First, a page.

The American composer Arthur Farwell (1872-1952) is remembered as the leading member of a group of 'Indianists' who used Native American tribal melodies. But Farwell's stylistic range was much wider than is realised today. This second CD of his piano music presents not only two Indianist pieces but also the early character-pieces Tone Pictures after Pastels in Prose and the experimental Polytonal Studies, which pit two different keys against each other to generate unusual harmonies.
Lisa Cheryl Thomas, piano
Tone Pictures after Pastels in Prose, Op. 7 (1895) https://d3i77y9w5vf4up.cloudfront.net/TOCC0222/TOCC0222t02.mp3
Polytonal Studies, Op. 109: series II (1940–52) https://d3i77y9w5vf4up.cloudfront.net/TOCC0222/TOCC0222t11.mp3
Catalogue No: TOCC0222EAN/UPC: 5060113442222Release Date: 07.04.2014Composer: Arthur Farwell Artists: Lisa Cheryl Thomas
Download the Booklet
Colin Clarke :
“…Farwell’s op. 12 Dawn (1902) reflects the importance held by Native Indians for the rising of the sun. Here Farwell quotes two melodies from the Nebraska Omaha tribe. It is played with great affection and confidence by Lisa Cheryl Thomas. The recording captures her lovely round sound well; it also supports the levels of detail she finds, and her clear mastery of voice-leading. …[Tone Pictures after Pastels in Prose (1895):] The decidedly Chopinesque third piece (“The Stranger,” after Baudelaire) is most effective, with a left-hand singing melody that seems evocative of the cello (the booklet rightly links it to Chopin’s Étude op. 25/7). …The arrival of the Polytonal Studies, composed between 1940 and 1952, brings a marked change in style. It also continues on from Volume One, which presented the first 11: here is Nos. 12 through 26. The more progressive harmonic language seems to draw depth from Farwell’s pen. There is a delicious Stravinskian tinge to the B-Minor/G-Minor (No. 14), a sort of two-part of invention, a trait that recurs in the D-Minor/E-Minor (No. 16), although here the music seems to strain to return to a purer Bachian mode of expression. …Native American rhythms (and harmonies) permeate the final offering, “Pawnee Horses” (1905). It seems as if though piece acts as summary of the heart of Farwell’s music, and makes the perfect close to the disc.” Fanfare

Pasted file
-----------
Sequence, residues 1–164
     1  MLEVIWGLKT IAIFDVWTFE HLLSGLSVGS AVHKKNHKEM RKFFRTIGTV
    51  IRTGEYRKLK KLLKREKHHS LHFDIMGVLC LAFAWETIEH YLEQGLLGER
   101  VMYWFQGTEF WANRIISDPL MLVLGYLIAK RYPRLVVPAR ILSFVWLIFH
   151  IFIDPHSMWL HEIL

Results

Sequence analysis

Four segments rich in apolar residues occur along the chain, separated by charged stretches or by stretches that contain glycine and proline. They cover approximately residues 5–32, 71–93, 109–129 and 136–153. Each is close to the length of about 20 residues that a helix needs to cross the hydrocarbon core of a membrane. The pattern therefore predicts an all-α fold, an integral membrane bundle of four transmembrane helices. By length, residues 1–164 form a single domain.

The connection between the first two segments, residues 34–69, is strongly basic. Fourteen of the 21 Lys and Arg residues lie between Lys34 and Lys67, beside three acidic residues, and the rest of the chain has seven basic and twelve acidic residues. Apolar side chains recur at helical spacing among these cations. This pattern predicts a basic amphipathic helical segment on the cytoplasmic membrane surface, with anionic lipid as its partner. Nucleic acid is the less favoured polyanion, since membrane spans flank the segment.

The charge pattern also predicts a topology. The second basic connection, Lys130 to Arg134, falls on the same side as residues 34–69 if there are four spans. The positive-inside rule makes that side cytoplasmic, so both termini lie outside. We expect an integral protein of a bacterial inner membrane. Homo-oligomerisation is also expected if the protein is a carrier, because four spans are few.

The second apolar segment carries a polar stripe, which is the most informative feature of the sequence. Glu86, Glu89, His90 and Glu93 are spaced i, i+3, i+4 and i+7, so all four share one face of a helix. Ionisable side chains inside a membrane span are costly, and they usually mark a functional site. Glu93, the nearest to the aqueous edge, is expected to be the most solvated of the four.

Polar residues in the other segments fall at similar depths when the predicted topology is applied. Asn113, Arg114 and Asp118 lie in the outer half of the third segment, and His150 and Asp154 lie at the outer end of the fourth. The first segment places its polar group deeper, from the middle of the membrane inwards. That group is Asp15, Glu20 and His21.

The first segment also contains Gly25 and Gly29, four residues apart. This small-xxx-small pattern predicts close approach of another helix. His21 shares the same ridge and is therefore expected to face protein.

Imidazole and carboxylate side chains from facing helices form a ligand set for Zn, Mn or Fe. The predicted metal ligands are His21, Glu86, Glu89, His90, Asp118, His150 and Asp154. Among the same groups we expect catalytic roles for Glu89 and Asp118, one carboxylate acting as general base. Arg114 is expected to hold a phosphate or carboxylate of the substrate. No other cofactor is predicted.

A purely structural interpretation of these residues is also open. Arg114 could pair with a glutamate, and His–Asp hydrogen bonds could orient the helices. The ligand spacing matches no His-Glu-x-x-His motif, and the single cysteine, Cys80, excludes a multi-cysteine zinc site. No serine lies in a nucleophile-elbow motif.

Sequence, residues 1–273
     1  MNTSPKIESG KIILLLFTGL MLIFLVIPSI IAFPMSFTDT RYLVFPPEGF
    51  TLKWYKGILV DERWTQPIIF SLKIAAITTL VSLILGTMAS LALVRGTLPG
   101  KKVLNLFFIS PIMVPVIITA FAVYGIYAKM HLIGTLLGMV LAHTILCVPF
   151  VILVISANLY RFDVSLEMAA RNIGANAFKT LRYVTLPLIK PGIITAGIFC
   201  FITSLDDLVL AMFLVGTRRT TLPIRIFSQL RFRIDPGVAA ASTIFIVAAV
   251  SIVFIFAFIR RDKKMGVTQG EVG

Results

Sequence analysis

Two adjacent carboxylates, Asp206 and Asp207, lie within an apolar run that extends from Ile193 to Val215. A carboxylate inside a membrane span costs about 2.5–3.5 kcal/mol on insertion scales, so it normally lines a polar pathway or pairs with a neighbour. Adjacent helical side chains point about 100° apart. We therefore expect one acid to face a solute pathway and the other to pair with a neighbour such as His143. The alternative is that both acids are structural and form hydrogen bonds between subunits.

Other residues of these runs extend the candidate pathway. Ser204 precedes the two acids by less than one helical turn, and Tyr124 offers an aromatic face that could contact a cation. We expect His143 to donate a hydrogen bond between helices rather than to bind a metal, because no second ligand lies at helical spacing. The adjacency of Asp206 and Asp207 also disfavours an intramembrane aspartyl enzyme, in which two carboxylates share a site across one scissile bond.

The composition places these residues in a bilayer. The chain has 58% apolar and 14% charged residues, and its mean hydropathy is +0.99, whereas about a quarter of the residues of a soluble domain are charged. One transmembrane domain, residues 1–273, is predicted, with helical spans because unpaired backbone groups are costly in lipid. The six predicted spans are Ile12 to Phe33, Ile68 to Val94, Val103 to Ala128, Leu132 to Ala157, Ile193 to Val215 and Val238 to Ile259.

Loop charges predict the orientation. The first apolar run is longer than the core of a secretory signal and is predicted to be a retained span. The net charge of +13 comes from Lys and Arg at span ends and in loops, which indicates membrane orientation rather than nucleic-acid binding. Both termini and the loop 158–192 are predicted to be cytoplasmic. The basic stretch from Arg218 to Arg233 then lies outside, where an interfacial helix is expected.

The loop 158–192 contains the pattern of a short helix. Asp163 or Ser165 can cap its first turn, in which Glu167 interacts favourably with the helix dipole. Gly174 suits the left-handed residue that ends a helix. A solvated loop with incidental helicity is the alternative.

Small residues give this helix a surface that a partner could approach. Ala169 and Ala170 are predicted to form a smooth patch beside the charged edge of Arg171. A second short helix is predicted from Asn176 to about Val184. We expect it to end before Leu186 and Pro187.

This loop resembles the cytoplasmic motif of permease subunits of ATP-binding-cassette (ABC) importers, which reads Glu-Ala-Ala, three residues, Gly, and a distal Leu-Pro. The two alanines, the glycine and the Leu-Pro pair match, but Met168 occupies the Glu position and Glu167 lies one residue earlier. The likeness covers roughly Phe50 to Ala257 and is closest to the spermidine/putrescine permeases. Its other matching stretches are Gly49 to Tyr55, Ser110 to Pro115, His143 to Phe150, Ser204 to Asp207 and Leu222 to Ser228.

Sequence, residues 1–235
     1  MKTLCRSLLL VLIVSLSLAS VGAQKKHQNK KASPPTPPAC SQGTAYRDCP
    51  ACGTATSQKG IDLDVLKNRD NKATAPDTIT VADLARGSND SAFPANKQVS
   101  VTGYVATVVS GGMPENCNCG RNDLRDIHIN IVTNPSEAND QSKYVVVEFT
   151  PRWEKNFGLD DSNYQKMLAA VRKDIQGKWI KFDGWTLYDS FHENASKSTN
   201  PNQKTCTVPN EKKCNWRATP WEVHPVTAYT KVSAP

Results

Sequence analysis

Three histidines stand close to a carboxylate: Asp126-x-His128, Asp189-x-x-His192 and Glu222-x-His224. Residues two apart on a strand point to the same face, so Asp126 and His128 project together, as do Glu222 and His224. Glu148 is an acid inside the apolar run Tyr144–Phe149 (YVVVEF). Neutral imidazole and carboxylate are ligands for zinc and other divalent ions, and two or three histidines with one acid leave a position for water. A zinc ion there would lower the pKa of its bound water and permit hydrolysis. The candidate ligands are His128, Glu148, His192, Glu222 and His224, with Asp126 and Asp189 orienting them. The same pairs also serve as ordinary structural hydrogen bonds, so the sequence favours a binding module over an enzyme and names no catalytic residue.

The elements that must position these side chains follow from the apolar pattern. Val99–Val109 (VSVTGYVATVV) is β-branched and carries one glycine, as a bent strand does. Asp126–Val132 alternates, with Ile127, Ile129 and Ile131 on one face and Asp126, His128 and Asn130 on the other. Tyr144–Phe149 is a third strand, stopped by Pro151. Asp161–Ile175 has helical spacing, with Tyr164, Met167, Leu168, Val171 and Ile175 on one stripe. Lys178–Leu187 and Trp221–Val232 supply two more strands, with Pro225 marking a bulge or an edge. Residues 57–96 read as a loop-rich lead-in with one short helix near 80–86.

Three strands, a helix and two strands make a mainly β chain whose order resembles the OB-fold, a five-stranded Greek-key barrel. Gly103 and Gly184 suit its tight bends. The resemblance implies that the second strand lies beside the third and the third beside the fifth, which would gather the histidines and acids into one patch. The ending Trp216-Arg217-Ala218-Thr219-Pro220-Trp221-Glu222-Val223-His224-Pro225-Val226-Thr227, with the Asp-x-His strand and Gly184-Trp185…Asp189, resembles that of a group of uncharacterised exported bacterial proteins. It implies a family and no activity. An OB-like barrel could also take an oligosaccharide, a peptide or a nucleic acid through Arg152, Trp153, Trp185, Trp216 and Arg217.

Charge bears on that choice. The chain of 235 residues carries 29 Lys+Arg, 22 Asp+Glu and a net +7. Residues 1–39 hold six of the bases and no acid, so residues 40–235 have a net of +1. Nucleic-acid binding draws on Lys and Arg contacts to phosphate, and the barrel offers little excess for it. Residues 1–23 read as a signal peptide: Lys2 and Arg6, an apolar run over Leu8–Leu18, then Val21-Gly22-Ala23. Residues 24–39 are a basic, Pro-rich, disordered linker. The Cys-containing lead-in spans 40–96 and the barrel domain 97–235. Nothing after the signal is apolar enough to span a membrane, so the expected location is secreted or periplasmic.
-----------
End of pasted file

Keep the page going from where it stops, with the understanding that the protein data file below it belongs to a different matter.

Sang Woo Kang :
“…Though the grandiose and eloquent Dawn quotes two melodies of the Omaha tribe, it contains textures reminiscent of early Grieg or Howard Hanson. According to Thomas, ‘Pawnee Horses’ demonstrates a respectful use of these melodies, even when combining with conventional western harmony. It concentrates on the American Indian rhythms and melodies more robustly than Dawn, but in neither of these pieces do those elements sound out of place. …[Tone Pictures after Pastels in Prose, Op. 7 and Polytonal Studies, Op. 109: series II:] these works give us a taste of Farwell’s stylistic variety—often overlooked in favor of his “Indianist” works. Thomas, herself part Cherokee, approaches this music with warmth and imagination…” American Record Guide
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